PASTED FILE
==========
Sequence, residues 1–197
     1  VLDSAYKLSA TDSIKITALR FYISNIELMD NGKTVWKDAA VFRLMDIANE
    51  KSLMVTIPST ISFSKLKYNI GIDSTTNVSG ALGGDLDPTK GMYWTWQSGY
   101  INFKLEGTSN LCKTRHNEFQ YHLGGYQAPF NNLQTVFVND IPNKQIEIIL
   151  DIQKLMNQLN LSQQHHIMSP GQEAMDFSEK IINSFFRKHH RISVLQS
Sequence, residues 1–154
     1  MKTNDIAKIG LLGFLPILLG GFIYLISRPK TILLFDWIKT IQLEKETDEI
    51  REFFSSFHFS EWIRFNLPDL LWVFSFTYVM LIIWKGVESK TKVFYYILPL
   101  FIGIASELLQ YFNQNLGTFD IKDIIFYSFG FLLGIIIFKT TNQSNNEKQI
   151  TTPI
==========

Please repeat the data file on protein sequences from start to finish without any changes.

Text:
Sequence, residues 1–197
     1  VLDSAYKLSA TDSIKITALR FYISNIELMD NGKTVWKDAA VFRLMDIANE
    51  KSLMVTIPST ISFSKLKYNI GIDSTTNVSG ALGGDLDPTK GMYWTWQSGY
   101  INFKLEGTSN LCKTRHNEFQ YHLGGYQAPF NNLQTVFVND IPNKQIEIIL
   151  DIQKLMNQLN LSQQHHIMSP GQEAMDFSEK IINSFFRKHH RISVLQS
Sequence, residues 1–154
     1  MKTNDIAKIG LLGFLPILLG GFIYLISRPK TILLFDWIKT IQLEKETDEI
    51  REFFSSFHFS EWIRFNLPDL LWVFSFTYVM LIIWKGVESK TKVFYYILPL
   101  FIGIASELLQ YFNQNLGTFD IKDIIFYSFG FLLGIIIFKT TNQSNNEKQI
   151  TTPI